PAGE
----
Maybe we’re just being far too generous because he’s quite handsome.
Having to wait over a year to make your Premier League debut is hardly ideal. Conceding two penalties on your Premier League debut is certainly less than ideal.
But Foyth has bounced back to a daunting start to life in north London and being a 21-year-old Argentina international sounds like the kind of Football Manager sh*t which comes off.
Seems a bit of a d*ckhead and was quite an expensive signing from PSG, but it really doesn’t take much to get to No.12 on this list.
Mauricio Pochettino seems to really like Gazzaniga, who hails from the same town in Argentina as the Spurs boss and also played under him at Southampton.
“It was a bit crazy,” Gazzaniga told ESPN last year. “Mauricio had a relationship with my granddad and especially my dad, because they played against each other with Instituto and Newell’s Old Boys, and my uncle went to school with him when they were children. It was a big coincidence.”
And while the goalkeeper has only appeared 11 times for Spurs, he has increasingly impressed, especially with his ball-playing ability.
The last player signed by Tottenham, there was plenty of excitement when Spurs parted with £25million to land the forward from PSG, mainly from FIFA and Football Manager players who knew how quick the Brazil international runs.
Having joined in January, Moura took time to settle in England but hit the ground running at the start of his first full season in the Premier League, most notably with a brace at Old Trafford.
Since then, he’s been, y’know, okay?
For a long while it looked like Sissoko would be at the other end of this list, hovering somewhere around Stambouli and Fazio.
After all, for a club which hardly splashes the cash, a £30million outlay on a player who started just eight Premier League games in his debut campaign tends to suggest a bit of a f*ck up.
But, slowly but surely, Pochettino has begun to iron out the inconsistency and unpredictability and turn Sissoko from a punchline of a right winger into a combative, all legs and lungs central midfielder.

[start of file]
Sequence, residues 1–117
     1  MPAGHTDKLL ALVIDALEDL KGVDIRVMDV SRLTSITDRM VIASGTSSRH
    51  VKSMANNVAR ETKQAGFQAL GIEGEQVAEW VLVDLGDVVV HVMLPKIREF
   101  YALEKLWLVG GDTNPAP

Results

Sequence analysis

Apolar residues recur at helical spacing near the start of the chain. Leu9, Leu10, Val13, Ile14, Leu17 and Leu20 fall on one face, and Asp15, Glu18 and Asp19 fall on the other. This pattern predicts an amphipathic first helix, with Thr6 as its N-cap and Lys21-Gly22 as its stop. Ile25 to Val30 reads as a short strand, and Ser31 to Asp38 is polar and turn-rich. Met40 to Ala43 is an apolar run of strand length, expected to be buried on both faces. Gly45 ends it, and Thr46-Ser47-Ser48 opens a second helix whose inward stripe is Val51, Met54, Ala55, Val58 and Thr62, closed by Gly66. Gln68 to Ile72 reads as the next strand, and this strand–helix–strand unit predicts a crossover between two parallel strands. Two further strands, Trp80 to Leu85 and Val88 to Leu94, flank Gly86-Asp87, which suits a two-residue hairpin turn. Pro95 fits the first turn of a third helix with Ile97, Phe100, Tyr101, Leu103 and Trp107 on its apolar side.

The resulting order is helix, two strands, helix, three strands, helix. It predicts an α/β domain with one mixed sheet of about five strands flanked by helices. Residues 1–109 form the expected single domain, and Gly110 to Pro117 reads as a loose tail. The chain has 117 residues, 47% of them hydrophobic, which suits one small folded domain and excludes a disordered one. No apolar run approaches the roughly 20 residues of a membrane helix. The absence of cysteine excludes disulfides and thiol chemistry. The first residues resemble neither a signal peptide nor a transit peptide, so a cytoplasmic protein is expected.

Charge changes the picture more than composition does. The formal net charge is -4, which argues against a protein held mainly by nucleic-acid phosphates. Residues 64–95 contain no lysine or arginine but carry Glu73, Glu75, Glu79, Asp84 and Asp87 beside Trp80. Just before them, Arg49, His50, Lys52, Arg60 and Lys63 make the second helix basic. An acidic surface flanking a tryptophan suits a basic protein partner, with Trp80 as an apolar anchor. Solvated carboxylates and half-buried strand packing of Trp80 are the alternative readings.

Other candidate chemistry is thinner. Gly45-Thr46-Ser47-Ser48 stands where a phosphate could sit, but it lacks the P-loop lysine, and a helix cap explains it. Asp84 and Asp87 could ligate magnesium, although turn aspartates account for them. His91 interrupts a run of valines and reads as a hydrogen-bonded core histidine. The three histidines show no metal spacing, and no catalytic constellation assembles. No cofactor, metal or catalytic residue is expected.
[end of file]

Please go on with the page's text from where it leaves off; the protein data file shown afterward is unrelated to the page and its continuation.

And it’s worked.
Essentially a more established, and more expensive, Juan Foyth. Still only 22, Sanchez admittedly has his ups and downs but appears well set to step up when either Jan Vertonghen or Toby Alderweireld leave the club.
Injuries have blighted Wanyama’s past two seasons with Spurs, but the former Southampton man starred for the club in his debut campaign after joining for only £11million, helping the north Londoners finish second in the Premier League.
Quite frankly, we would have paid £11million for this goal alone.
One year ago today, Victor Wanyama delivered the ball back into the Liverpool net with real interest. pic.twitter.com/nku4aiyZW6
— The Football Ramble (@FootballRamble) February 4, 2019
Trippier hasn’t been able to maintain his 2017-18 form since the World Cup, but perhaps the right-back used up a career’s worth of highs in Russia.
But, like Wanyama, his dip in form shouldn’t mask the excellent value he has provided having joined for only £3.5million from Burnley.
An incredibly polarising player among Tottenham’s support, Davies suffers from the fact he does not offer the same dynamism going forward as Danny Rose.
But the Wales international has largely established himself at left-back ahead of Rose over the past two seasons, and we’re not quite sure how a player who seems to have been around forever is still just 25, too.
Another player who seems to attract both over-the-top praise and criticism, Dier generally does what all defensive midfielders do and also offers the versatility of being able to drop back into defence.
A largely unknown £4million signing from Sporting Lisbon going on to appear over 200 times and becoming an established England international generally signifies a very good signing.
It’s easy to forget quite how complicated a transfer saga Alderweireld’s signing became for Tottenham, with the defender joining from Atletico Madrid despite Southampton wanting to exercise their option to sign the player on a permanent deal after a successful loan spell.
The £11.4million deal was worth all the headaches, however, as he quickly struck up one of the best defensive partnerships in the league with fellow Belgian and former Ajax team-mate Jan Vertonghen.
Quite possibly the most fun and undoubtedly one of the most brilliant footballers in the Premier League.
Thank God they didn’t sell him after a difficult first season. We absolutely love him.
Some weirdos don’t like him, but let’s just face it: Dele Alli is a really good footballer. And let’s also remember he was signed for just £5million.
A few surprising names make the cut.
In what areas has he dropped off?
Nabil Fekir makes football look so, so easy.
Including an extremely satisfying half-volley.
Just the 25 red cards for Ramos at Real Madrid.
Ravel Morrison’s career has been, erm, interesting
One of Sheva’s finest moments.
Ramsey has produced some special moments.
The best goal you’ll see anywhere this weekend.